Hailing from a family of expats, I know how hard it can be to keep in touch with people scattered around the globe. My grandparents moved to Dubai in the 70s and my parents moved my brother and me to Paraguay in the 80s. My other grandmother has lived in India and my stepmother wandered around South America. They had no internet; so no Skype, Facebook, WeChat, Watsapp, and no Google maps. No other means to communicate then post and telephone.
In this time and age I almost feel overwhelmed with ways we can stay in contact with our friends and family. One person does email, the other person does Watsapp and all our new friends in our new life in Beijing do WeChat.
I wondered how expats stayed in touch with friends and family so many years ago. My father explained that he used to write letters from Paraguay to The Netherlands and it took around six weeks to get a letter back. By that time he got a reply the things he wrote about before were not relevant anymore.
Around 20 years ago it took two weeks for a letter to arrive in Europe from China, not a far cry from the ten days it takes these days. Telephoning from China required buying a card from the corner store and scratching of a code that needed to be entered in the home phone together with some other codes to get connected to Europe.
If my father would call my grandparents in Dubai from The Netherlands in the 70’s, they would answer the phone not with “Hello” but with “What’s wrong?” My grandmother has still saved all the letters she received in Dubai written on very thin paper, to keep the postal cost down.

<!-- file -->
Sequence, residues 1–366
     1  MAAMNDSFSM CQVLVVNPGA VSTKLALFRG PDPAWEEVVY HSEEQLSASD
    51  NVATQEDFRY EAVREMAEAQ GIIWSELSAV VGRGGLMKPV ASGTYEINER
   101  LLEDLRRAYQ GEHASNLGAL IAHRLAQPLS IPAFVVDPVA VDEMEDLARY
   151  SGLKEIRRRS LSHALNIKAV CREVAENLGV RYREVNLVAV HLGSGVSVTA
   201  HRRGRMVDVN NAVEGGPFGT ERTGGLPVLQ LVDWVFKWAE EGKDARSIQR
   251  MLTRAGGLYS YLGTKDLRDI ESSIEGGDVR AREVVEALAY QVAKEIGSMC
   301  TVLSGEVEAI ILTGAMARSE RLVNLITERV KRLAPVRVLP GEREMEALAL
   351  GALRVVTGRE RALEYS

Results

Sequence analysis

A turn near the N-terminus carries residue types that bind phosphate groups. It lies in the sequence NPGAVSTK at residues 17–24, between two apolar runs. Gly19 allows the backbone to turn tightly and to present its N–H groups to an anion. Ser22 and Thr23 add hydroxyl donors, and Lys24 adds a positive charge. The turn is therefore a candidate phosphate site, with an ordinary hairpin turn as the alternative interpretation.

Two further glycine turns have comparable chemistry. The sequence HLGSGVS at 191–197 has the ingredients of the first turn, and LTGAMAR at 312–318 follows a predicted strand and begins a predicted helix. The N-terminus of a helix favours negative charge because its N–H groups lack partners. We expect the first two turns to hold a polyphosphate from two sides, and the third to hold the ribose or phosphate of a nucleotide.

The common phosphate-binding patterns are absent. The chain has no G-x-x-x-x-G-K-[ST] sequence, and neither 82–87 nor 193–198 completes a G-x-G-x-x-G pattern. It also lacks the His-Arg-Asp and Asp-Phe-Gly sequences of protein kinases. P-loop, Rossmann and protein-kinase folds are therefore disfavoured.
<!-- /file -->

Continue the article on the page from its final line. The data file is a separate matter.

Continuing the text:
My father explained to me that when our family lived in Paraguay, the man at the newspaper and magazine stand would stop my father’s car to sell him “new” magazines. These were magazines that were left in the airplane and ironed, so they looked new. Expats in Paraguay used to call each other when corn flakes would be in the supermarket.
My mother has hours and hours of video tapes of our lives in Paraguay. We watched them over the summer before we moved our family to Beijing. We can argue that they were boring, but these tapes are the closest thing we have to our fast and savvy internet that we use nowadays.
Pauline van Hasselt has just started working for Beijing Kids. Born in Wassenaar, The Netherlands, she moved with her husband and her 3 year-old daughter to Beijing in June of this year. Prior she lived in the Netherlands, Belgium, Paraguay, Texas, and London, studying and working as a chef. Pauline enjoys biking around Beijing, finding markets and new restaurants, reading crime and fantasy books in bed, and most importantly, turning her house into a home for her family.